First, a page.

Tea Obreht was born in 1985 in the former Yugoslavia, emigrating to the US in 1997. She was the youngest author on The New Yorker's Top 20 Writers under 40 List, and one of the youngest authors ever to be extracted in the magazine. Her short story, 'The Laugh', debuted in The Atlantic Fiction Issue and was then chosen for The Best American Short Stories 2010, while her short story, 'The Sentry' appeared in the Guardian Summer Fiction Issue alongside stories by Hilary Mantel and David Mitchell. She lives in New York.
Obreht, named last year as one of the New Yorker's 20 novelists to watch under the age of 40, makes her debut with this magical-realist evocation of a country in wartime. The author, herself an immigrant to the U.S. from the former Yugoslavia, transforms a young woman's memories of her grandfather's stories into a kaleidoscopic portrait of her former country's traumatic history. The book is read in tag-team fashion by Susan Duerden and Robin Sachs. Sachs sounds gravelly, grouchy, and well-pickled in various alcoholic libations; Duerden is British, plummy, arch, and delicate in her intonations, reverberating into near-Cockney working-class tone. The unlikely combination is surprisingly pleasing, nicely matching the contrast between Obreht's elaborate storytelling conceit and its grubby, homely details. A Random hardcover. (Mar.) (c) Copyright PWxyz, LLC. All rights reserved.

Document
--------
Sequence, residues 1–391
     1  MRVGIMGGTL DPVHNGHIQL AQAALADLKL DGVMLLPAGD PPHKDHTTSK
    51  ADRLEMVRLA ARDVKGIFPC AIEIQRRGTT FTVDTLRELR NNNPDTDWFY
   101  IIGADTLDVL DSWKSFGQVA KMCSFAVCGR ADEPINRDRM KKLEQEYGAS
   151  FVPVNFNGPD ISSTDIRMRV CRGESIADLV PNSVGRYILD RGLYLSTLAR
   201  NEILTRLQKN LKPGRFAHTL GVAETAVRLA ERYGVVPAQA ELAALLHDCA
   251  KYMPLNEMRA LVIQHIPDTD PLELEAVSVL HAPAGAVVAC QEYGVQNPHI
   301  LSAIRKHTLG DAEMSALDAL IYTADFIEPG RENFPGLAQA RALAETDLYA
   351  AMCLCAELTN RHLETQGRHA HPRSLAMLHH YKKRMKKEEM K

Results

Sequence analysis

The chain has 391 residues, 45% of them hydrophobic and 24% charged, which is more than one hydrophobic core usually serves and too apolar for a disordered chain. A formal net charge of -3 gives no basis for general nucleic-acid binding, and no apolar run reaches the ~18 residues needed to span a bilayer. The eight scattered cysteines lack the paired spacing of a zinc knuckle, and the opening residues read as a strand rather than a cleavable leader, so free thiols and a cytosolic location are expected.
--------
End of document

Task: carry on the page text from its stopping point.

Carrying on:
A tiger that's fled the zoo during World War II and the "deathless man" who collects the souls of the departed: two tales told to young medic Natalia by her grandfather that frame this bold, imaginative debut, effectively capturing the fearfulness that precipitated the recent fighting in the author's native Balkans. Obreht's storytelling is complex, humbling, and sheer magic. (LJ 1/11) (c) Copyright 2011. Library Journals LLC, a wholly owned subsidiary of Media Source, Inc. No redistribution permitted.
In a war-torn Balkan country, a young doctor remembers her grandfather and tells a series of interlinked tales both historical and magical featuring the tiger's wife and the deathless man. In this account of love, loss, and war in the modern world, Obreht's vivid writing creates unforgettable visions of unique settings. (Mar.) (c) Copyright 2011. Library Journals LLC, a wholly owned subsidiary of Media Source, Inc. No redistribution permitted.